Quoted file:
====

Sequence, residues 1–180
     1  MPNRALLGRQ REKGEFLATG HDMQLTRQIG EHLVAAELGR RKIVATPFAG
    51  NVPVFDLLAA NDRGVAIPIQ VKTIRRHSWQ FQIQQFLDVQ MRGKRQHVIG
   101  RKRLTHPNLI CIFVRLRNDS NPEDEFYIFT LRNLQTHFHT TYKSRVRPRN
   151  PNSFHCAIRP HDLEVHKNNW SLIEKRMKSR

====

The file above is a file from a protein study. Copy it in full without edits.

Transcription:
Sequence, residues 1–180
     1  MPNRALLGRQ REKGEFLATG HDMQLTRQIG EHLVAAELGR RKIVATPFAG
    51  NVPVFDLLAA NDRGVAIPIQ VKTIRRHSWQ FQIQQFLDVQ MRGKRQHVIG
   101  RKRLTHPNLI CIFVRLRNDS NPEDEFYIFT LRNLQTHFHT TYKSRVRPRN
   151  PNSFHCAIRP HDLEVHKNNW SLIEKRMKSR